The next government will have a “historic opportunity” to address multiple issues facing the country that “everyone knows” must be dealt with, Jewish Home leader Naftali Bennett said on Sunday, ahead of a meeting with Prime Minister Benjamin Netanyahu scheduled for later in the week.

“There is an agreement on the central things we need to do,” Bennett said, speaking to Army Radio in his first interview since the elections. “We have a historic opportunity to deal with some issues. It is looking very good. It would be a pity to miss this opportunity.”

Bennett said his party is not allied, but has an informal agreement, with Yair Lapid’s Yesh Atid party on the issues both parties want to address if they were to become part of the next governing coalition. The issues, according to Bennett, include passing a universal conscription law, breaking up the “central banking monopoly” to lower bank fees and create competition, lowering port taxes to reduce consumer prices, opening up a new international airport in the south and reducing airline taxes, and caring for the weaker segments of society.

So far Netanyahu has met or spoken to all the party heads aside from Bennett, who was the target of many of the prime minister’s Likud-Beytenu party’s campaign ads. Bennett worked for two years as Netanyahu’s bureau chief, but abruptly left his position five years ago, with long-standing rumors attributing the departure to friction between Bennett and the prime minister’s wife Sara.

In the Army Radio interview, Bennett apologized for saying during the campaign that he and Sara went through “a terrorism course together,” which he explained was said in jest.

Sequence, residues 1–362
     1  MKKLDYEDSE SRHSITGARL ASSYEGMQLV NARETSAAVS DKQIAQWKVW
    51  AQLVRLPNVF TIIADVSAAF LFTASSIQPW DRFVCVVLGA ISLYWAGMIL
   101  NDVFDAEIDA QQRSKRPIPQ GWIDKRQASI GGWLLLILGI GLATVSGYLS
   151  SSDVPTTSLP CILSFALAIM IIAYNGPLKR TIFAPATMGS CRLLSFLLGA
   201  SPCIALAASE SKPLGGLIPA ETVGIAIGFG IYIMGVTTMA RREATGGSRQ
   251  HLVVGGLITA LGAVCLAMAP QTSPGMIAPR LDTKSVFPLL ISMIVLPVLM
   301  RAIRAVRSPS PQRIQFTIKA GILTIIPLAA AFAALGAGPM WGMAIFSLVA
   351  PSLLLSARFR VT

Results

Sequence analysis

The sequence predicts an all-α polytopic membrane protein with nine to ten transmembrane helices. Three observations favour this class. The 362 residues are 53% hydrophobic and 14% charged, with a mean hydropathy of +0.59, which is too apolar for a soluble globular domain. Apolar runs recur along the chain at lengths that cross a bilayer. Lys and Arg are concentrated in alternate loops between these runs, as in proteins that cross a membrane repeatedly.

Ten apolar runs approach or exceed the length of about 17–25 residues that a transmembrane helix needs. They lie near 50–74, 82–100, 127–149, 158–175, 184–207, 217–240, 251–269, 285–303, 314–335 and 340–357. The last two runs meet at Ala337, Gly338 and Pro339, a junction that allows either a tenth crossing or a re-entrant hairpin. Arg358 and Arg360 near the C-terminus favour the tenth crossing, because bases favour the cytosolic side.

“[Sara] Netanyahu is a good woman who loves her husband, and he has the full right to consult with her, just as I consult with my wife,” Bennett said. “If someone wants to criticize Netanyahu’s policies, he is the address, not his wife.”

Bennett’s Jewish Home party won 12 Knesset seats, and Yesh Atid, led by journalist-turned-politician Lapid, garnered 19, leading to a center-right coalition possibility with the Likud-Beytenu’s 31 seats which could potentially shut out ultra-Orthodox parties — traditional coalition partners of the Likud which have strenuously objected to efforts to formally draft yeshiva students into the IDF or national service.

Yesh Atid will stick to its principles with regard to universal conscription, said MK Shai Piron, second on the party’s list. Speaking to Israel Radio on Sunday, Piron said there was “no room for compromise” on the issue and implied that Yesh Atid would sit in the opposition rather than be part of a government which would not seek to conscript all Israeli citizens.

On the same program, MK Ayelet Shaked of Jewish Home said that “the heart of the equal-share-of-the-burden issue is integrating the ultra-Orthodox into Israeli society and labor market.”